In May 2022, there was a news article released, which was a draft by Justice Samuel A. Alito Jr., in which the Court ruled to overturn Roe v. Wade and Planned Parenthood V. Casey. The groundworks are being placed for an America without the Roe v. Wade ruling. Many state officials are testing the limits of the legal boundaries set by the laws that enforce mandatory ultrasounds, or gestational limits.
Some of these bills have had some success, but most have dealt minimal damage to the Roe v. Wade ruling as the Supreme Court stepped in to overturn the legislation. However, the Supreme Court has added three conservative justices, which has changed the majority to conservative, meaning that legal abortion is in greater jeopardy. With the impending overrule decision, we must understand the decision's potential implications and how it will change the United States.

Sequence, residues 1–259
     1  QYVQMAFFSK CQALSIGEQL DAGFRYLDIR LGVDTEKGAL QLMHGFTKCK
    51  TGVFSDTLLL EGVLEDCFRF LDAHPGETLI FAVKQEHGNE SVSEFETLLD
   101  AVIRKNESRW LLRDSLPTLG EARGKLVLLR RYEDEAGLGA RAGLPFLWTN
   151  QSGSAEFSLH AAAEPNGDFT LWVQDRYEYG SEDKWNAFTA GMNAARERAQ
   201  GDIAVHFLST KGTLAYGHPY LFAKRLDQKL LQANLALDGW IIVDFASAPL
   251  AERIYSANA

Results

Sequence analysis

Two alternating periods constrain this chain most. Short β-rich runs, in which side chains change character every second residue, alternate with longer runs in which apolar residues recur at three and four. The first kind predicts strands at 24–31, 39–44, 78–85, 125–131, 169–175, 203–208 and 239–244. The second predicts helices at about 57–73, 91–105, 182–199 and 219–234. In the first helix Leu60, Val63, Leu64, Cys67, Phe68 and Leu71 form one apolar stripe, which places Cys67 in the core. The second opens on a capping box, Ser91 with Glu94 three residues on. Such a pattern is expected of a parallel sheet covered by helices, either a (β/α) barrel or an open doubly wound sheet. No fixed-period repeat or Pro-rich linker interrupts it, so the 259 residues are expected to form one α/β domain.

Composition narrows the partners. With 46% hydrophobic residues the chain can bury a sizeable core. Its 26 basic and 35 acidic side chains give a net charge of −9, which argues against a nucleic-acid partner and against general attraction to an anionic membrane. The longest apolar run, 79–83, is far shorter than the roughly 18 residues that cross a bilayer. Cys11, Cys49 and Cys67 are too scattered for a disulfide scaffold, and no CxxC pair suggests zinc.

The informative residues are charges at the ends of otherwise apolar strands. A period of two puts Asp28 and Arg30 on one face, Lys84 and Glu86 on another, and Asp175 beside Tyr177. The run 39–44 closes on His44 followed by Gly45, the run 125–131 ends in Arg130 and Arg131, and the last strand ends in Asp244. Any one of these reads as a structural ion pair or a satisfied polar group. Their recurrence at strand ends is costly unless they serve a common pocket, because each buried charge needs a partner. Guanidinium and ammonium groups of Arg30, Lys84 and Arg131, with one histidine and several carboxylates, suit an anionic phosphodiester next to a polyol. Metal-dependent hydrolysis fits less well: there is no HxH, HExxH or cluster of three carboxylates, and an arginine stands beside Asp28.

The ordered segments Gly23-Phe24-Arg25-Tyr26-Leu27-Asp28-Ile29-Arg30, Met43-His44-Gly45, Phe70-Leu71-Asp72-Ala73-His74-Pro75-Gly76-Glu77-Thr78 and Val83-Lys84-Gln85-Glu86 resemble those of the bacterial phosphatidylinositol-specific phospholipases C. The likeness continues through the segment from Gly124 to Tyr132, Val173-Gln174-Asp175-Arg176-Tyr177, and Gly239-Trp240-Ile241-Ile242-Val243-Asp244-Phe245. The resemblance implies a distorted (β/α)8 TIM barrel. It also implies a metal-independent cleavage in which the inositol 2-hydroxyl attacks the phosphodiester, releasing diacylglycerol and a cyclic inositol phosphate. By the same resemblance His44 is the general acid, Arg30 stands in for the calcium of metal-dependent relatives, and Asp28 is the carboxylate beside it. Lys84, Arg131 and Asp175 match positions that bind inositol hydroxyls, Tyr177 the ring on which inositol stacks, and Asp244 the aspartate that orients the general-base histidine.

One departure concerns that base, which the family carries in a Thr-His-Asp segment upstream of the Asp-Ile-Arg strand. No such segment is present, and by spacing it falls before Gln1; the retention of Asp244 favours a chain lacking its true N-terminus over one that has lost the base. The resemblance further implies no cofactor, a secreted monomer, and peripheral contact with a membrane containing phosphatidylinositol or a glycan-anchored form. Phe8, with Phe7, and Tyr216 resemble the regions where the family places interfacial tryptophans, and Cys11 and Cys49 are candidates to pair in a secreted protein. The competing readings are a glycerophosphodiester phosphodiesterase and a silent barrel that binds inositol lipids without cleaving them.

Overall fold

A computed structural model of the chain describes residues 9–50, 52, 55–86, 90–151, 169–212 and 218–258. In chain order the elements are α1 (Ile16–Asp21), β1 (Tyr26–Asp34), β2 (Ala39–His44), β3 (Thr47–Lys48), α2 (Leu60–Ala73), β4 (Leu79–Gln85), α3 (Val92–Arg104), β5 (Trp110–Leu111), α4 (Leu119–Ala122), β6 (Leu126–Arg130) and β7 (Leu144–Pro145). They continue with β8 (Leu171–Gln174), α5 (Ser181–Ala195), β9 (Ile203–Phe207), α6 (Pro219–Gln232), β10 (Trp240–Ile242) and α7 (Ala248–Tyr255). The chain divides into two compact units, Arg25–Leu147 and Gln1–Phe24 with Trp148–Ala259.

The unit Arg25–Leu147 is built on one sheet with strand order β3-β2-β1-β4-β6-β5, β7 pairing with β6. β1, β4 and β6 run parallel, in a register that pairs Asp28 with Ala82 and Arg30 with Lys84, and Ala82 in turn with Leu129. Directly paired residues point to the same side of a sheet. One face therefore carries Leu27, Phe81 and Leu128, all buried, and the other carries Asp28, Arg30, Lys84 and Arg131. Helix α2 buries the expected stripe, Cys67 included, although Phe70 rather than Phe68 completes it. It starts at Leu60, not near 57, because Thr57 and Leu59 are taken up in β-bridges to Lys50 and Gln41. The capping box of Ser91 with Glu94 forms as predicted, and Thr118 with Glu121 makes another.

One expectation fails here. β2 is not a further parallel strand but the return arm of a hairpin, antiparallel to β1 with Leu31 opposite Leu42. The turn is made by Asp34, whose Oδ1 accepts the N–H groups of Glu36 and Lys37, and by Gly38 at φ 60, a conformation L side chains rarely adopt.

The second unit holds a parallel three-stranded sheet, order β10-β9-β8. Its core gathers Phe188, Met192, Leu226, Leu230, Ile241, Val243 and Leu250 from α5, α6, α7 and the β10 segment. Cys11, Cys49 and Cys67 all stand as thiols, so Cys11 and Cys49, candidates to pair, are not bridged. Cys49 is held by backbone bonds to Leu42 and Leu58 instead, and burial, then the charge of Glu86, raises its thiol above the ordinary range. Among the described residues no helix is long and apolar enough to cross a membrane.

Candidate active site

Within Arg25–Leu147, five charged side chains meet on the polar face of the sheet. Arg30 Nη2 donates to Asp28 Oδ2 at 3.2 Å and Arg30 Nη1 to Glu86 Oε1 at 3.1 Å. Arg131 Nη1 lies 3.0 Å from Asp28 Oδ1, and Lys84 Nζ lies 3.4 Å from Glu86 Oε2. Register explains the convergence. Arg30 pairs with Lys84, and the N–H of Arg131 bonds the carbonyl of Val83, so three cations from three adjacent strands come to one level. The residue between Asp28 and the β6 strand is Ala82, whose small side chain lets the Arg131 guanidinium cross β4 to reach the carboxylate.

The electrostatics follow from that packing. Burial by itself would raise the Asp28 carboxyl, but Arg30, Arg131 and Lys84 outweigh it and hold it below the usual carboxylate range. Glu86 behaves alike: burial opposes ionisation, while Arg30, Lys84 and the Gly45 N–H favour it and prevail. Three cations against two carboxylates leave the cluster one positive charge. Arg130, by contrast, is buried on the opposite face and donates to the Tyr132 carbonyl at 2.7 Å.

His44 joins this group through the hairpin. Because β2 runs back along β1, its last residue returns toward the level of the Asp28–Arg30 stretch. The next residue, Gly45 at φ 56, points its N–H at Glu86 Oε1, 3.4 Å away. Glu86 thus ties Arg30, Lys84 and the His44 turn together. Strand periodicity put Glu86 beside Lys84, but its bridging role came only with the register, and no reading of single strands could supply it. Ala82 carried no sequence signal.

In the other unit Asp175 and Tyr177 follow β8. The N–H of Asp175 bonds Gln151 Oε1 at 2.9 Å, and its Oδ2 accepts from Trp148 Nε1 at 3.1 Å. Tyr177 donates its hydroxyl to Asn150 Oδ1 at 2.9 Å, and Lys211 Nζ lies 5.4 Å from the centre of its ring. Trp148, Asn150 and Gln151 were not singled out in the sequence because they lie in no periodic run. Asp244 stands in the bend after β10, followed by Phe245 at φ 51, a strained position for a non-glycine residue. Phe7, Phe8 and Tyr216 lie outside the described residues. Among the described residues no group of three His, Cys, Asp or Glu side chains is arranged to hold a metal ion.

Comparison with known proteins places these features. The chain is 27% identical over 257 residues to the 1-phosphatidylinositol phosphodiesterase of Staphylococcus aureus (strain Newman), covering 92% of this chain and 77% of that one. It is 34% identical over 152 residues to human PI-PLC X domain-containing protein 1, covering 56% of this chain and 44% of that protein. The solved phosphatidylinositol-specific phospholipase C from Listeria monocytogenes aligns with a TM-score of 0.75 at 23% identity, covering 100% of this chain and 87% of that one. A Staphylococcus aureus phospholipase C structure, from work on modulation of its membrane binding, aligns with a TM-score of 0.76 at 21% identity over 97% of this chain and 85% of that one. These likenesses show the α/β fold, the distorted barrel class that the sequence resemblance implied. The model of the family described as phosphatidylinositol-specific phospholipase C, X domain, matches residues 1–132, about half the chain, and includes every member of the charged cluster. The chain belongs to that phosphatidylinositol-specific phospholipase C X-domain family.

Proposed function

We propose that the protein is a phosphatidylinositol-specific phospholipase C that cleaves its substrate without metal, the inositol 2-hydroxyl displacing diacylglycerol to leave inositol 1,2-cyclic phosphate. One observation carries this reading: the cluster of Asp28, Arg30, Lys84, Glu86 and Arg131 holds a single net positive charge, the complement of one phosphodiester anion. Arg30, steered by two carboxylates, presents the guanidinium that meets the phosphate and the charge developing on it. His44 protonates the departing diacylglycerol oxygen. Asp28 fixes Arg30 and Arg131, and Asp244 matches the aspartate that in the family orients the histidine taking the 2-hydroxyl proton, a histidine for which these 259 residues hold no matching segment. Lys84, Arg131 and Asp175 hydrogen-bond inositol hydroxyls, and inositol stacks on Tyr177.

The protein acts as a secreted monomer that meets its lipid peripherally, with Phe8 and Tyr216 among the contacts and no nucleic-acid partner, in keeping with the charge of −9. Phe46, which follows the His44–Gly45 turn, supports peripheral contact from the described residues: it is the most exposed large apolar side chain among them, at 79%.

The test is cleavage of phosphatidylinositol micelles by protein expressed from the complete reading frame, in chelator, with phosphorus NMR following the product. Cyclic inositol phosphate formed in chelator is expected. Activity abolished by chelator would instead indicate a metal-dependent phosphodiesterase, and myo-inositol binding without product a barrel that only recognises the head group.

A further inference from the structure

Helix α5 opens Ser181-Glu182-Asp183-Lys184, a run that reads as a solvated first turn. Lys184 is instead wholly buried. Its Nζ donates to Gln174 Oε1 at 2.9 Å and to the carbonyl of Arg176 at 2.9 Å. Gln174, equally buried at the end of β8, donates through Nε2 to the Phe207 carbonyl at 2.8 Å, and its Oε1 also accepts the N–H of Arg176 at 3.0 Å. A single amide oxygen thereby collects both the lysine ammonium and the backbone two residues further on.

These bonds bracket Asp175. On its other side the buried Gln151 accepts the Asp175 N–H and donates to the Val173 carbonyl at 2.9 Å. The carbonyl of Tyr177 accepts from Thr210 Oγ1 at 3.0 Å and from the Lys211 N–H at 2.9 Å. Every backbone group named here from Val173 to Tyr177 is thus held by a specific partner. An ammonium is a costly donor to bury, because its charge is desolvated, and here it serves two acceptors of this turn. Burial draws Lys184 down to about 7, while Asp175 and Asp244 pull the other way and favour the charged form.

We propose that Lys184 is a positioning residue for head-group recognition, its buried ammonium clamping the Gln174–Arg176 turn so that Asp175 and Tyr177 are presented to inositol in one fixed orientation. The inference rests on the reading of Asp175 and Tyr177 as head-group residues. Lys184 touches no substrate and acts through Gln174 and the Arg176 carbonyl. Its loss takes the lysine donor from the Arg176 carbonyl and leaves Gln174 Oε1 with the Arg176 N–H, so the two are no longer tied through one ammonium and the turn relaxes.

Right to Privacy
The right to privacy as a form of legal reasoning began its development in the 19th century and has since evolved to encompass rights of self-autonomy. The debate surrounding the right to privacy began in 1891 with Union Pacific Co. v. Botsford, in which plaintiff Clara L. Botsford sued Union Pacific Railway Company for negligence in construction and care. During the trial the plaintiff was asked by the defendant to submit herself to a surgical examination to confirm the diagnosis of the case, a request denied by both the plaintiff and the court.
The ruling in this case established that under common and statutory law there exists no authority to compel someone to submit to a medical examination against their will. This meant that the United States had throughout its legal history maintained an ideological stance that placed the sovereignty of self at the center of its values, as such this right could not be encroached upon by any individual.